Photo – left to right: Chairman of Age UK (Sir Brian Pomeroy), the Bishop of London (the Right Reverend and Rt Hon Dame Sarah Mullally), The Director of the Institute of Gerontology, (Professor Mauricio Avenda Pabon) and Professor Anthea Tinker

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GHSM students Amber Mulcahy & Miranda Weston report on their summer internships at mental health facilities in Rio de Janeiro

In June 2018, we, Amber and Miranda, spent three weeks interning in mental health facilities in Rio de Janeiro, Brazil. We were drawn to this opportunity due to our interest in mental health and our desire to work in this field after graduation. We also would not have been able to do this without the generous funding and bursary from our department to cover the flights and additional costs of this trip. We were also drawn to the trip because it was advertised as a structured split between hands-on experience in mental health settings and academic learning at the State University of Rio de Janeiro.

We also viewed it as an opportunity to expand our language skills. When we arrived, it became clear that we would need some assistance in this area. One of the students offered to be our translator for the time we were there and this was invaluable to our experience. We had never been to South America and saw this as a great opportunity to spend time in a radically different environment such as Brazil.

When spending time in mental healthcare settings, we were initially confused as to why so much healthcare was provided in primary care settings rather than specialist mental health units. However, the reason for this soon became clear when we were shown the inpatient units. The threshold for treatment at these locations was clearly significantly higher than that in the U.K. We also found that a lot of the mental health issues experienced by Brazilian citizens were as a direct result of circumstances that are unique to their locality. We questioned whether these localised mental health issues should be medicalised and/or medicated or whether they are a normal response to an acute stressor. These circumstantial experiences refer to the violence experienced, such as family members lost due to gun violence, on a daily basis by Brazilian citizens. On our days off, we were privileged to experience the attractions that Rio de Janeiro had to offer. This included Christ the Redeemer, one of the seven wonders of the world, which was amazing to see on a clear morning. We also took a cable car to Sugarloaf Mountain, which we found to be the quietest place in Rio! One of the students in the seminars at the university offered to show us the local beaches, including the famous Copacabana Beach. We also spent many hours on Flamengo and Ipanema beaches.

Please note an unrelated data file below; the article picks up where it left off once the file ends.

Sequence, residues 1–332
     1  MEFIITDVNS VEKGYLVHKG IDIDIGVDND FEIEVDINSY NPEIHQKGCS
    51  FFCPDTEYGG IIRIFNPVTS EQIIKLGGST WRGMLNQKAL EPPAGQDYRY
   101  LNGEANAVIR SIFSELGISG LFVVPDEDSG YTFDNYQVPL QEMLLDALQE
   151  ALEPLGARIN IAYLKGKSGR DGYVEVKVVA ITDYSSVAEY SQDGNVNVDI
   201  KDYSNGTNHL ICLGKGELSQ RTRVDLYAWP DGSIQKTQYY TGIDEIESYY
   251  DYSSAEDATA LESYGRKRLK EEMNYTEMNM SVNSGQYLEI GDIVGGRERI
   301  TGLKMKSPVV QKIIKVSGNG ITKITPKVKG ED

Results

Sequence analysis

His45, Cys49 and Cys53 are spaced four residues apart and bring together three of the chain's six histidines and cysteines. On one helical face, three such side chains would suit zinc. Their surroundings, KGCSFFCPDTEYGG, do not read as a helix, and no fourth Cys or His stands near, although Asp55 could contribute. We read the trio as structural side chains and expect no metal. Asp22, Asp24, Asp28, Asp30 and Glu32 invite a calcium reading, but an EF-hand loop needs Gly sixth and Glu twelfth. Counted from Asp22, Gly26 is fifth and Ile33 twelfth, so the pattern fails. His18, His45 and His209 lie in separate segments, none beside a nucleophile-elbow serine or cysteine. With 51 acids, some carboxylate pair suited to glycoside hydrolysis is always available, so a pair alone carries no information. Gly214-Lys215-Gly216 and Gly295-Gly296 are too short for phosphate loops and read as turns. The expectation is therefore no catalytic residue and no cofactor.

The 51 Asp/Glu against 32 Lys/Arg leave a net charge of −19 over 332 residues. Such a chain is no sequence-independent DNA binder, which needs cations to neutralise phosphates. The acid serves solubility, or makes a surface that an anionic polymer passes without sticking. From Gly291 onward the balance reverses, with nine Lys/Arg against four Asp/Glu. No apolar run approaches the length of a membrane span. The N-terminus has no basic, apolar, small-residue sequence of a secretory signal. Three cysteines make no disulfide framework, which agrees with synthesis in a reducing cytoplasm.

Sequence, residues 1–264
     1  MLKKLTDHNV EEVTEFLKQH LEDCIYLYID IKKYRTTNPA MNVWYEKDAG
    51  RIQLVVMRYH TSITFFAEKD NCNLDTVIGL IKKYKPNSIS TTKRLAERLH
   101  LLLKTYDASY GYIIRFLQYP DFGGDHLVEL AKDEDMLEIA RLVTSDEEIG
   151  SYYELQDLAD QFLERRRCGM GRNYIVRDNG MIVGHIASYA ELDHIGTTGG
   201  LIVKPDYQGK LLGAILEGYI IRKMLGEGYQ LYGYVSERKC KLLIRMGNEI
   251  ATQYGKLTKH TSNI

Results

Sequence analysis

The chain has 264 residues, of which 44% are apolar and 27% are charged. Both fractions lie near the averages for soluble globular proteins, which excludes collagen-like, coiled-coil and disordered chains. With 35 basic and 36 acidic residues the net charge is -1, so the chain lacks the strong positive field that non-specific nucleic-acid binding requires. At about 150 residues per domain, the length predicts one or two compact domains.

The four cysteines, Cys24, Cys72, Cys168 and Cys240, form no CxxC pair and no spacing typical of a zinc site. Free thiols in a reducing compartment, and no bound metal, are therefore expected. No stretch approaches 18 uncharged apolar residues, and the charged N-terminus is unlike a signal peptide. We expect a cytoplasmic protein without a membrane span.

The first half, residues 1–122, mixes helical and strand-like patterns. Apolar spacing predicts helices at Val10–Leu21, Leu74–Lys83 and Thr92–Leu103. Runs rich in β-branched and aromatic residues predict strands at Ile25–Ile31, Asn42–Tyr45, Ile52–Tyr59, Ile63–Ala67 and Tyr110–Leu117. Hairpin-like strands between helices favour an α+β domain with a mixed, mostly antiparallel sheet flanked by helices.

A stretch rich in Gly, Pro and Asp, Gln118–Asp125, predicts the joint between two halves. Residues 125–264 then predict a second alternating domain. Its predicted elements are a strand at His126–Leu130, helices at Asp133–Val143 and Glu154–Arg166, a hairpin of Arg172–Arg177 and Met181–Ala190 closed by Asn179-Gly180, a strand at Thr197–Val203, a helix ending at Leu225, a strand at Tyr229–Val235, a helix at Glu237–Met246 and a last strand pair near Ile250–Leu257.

In view of the recent election of President Bolsonaro, who is vehemently anti-LGBT rights, we reflect on our time in the gay capital of Latin America in a different light. As members of the LGBT community ourselves, we felt safe at the time to explore the LGBT scene in Rio and be open about our sexuality. However, if we were applying next year we may be more hesitant about our safety.

We found this experience to be invaluable in enriching our skills as researchers. The opportunity to gain access to mental healthcare on the ground, sitting in on mental health consultations and therapy groups, was particularly important in broadening our experience in this field. This brought our class readings to life, now being able to read about Brazil with a lived experience of its culture and everyday life. Having the opportunity to engage with postgraduate seminars at the university enhanced our critical thinking skills. Having academic discussions with postgraduate students and PhD candidates was a wonderful opportunity to challenge our understanding of how mental healthcare should be delivered.

In summary, we are incredibly grateful to our department here at King’s for this opportunity and to those that were so welcoming to us in Rio. Particular thanks goes to our translator, Thais, who stood in at the last minute when we thought our limited language skills may bring the internship to a premature ending and a swift flight home.

Best wishes, Amber Mulcahy & Miranda Weston

Rio